In what later became known as the Haymarket Affair Labour leaders Parsons, Spies, Fischer, and Engel were hanged for “conspiracy”, and other militant leaders of the Chicago Labour movement were imprisoned. Parsons gave a passionate speech from the dock in which he declared that the working class, “possess nothing but their empty hands. They live only when afforded an opportunity to work and this opportunity MUST BE PROCURED FROM THE POSSESSORS of the means of subsistence – capital – before their right to live at all or the opportunity to do so is possessed”. Following conviction and as he faced his fate on the gallows August Spies adamantly declared “the day will come when our silence will be more powerful than the voices you strangle today.”

When May Day was celebrated again in 1890 it had become a truly international affair with workers taking the opportunity to fight for better working conditions across Europe and the US. Yet where does May Day stand in an Irish context? Clearly our economic and social conditions are vastly different to those of both Europe and the USA in the late 19th century. The Irish economy is presently heavily dependent on intangible goods. It would seem obvious that our current crisis, while severe, follows a well worn path of boom and bust that has plagued the country since its foundation.

May Day presents us with an opportunity first for a celebration of the victories that have been won, but secondly and more importantly in the current crisis it can provide a focal point for a period of reflection and growth. As we face into our 6th year of austerity it must be noted the lack of a legitimate coherent alternative being offered by any political group in Ireland.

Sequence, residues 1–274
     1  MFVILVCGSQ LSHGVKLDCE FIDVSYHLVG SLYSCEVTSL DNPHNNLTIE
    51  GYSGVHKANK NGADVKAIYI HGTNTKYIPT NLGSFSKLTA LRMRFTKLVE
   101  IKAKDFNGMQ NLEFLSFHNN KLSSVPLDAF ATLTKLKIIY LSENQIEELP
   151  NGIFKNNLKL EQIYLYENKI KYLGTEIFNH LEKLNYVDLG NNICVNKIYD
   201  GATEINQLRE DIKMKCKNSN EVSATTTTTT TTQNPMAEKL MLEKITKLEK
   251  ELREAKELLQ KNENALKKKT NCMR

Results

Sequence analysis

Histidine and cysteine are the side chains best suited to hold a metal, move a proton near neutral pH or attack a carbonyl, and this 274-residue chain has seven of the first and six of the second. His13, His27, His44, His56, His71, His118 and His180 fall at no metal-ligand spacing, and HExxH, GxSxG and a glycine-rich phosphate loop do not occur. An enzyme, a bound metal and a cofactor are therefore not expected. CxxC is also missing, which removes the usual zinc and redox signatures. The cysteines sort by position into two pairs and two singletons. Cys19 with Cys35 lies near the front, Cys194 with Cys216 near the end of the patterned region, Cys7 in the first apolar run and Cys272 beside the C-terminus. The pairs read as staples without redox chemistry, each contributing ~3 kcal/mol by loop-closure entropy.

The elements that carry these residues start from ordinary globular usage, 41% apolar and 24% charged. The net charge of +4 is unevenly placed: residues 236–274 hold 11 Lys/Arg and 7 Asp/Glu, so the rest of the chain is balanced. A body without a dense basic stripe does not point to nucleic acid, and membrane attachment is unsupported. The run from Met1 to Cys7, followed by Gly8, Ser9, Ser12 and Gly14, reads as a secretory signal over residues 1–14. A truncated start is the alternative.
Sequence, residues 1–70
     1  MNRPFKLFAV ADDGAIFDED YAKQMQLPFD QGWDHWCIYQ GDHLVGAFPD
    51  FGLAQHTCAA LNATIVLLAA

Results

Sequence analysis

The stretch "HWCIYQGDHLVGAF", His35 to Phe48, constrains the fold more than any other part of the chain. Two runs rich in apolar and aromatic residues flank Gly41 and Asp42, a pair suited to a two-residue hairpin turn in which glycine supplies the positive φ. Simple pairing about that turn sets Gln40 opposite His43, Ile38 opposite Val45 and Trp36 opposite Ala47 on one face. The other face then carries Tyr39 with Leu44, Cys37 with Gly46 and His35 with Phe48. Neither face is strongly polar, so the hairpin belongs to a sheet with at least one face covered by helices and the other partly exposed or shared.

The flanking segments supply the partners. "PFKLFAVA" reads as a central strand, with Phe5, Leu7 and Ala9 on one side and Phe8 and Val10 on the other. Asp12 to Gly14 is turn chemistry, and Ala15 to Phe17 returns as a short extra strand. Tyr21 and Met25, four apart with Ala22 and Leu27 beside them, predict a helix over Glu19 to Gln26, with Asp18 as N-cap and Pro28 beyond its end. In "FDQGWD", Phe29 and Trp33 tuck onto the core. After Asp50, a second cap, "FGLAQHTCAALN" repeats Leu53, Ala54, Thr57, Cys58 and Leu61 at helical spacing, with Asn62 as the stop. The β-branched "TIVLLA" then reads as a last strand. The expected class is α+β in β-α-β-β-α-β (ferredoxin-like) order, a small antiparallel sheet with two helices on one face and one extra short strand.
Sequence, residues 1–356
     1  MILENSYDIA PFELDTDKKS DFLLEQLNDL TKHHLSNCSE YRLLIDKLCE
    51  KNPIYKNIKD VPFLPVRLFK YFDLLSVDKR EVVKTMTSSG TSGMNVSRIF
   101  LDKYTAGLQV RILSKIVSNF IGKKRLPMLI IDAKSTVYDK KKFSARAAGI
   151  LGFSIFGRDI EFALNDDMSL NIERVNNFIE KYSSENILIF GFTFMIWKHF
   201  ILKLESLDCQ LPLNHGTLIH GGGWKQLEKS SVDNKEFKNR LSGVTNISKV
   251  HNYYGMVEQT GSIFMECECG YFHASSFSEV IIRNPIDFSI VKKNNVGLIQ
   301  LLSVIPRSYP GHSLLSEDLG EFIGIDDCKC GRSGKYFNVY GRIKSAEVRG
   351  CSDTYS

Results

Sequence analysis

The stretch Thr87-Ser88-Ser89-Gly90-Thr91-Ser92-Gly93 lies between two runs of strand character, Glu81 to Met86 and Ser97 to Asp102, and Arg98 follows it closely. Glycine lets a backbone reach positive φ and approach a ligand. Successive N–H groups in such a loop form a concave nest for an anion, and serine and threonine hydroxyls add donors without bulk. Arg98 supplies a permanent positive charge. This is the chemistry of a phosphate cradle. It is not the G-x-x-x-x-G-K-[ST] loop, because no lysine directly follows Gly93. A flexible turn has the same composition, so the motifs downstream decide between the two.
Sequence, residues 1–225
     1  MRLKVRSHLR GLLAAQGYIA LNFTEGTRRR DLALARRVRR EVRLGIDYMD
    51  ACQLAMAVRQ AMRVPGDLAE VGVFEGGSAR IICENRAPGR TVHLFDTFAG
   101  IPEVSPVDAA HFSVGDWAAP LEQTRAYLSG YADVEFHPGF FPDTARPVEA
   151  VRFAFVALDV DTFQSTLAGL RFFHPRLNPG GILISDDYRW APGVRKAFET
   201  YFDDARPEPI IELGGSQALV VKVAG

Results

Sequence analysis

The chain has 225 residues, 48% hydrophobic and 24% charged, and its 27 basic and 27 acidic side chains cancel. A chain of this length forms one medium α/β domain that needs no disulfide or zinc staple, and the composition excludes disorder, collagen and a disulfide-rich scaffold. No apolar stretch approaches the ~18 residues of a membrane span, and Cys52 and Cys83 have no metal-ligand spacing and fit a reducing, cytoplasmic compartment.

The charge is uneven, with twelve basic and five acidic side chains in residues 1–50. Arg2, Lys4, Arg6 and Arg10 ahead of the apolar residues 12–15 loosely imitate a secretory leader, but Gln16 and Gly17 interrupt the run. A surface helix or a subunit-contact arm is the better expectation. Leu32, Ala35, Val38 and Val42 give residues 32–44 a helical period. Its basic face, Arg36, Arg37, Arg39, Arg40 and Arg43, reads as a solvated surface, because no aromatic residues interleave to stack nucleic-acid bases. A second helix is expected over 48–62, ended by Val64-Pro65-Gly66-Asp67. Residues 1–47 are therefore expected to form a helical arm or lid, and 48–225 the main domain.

With the recent rejection of Croke Park II we could be seeing the beginning of the end of social partnership. Or, instead is it could be the dying breath of any form of resistance, with the rejection followed by union posturing. Social Partnership was introduced in 1987 and some claimed it to be one of the most important contributing factors to our “economic success”. Yet we have been propelled into a situation of unparalleled uncertainty. With emigration reaching levels not recorded since the famine and a junior coalition party coming under increasing pressure the time is now fertile for the left to make itself relevant and offer an alternative to the current crisis.

It is becoming obvious that the growing disquiet across the country needs a focus. On the 13th of April 8 000 people took to the streets of Dublin to protest against the Property Tax. This followed on from the mass non-payment of the Household Charge last year. With promises of further cuts to expenditure planned for the next two budgets it would seem we have reached another cross-road in the post Celtic Tiger narrative. The only fear being that there might not be many more.

via The origins of May Day and why it’s relevant today | Irish Student Left Online.

via The origins of May Day and why it’s relevant today | Irish Student Left Online.

UK OK Nazi Law


Secret Courts

British human rights group Amnesty International and legal charity Reprieve have condemned the British government‘s secret courts passed in the House of Lords as a “terrible day for British justice”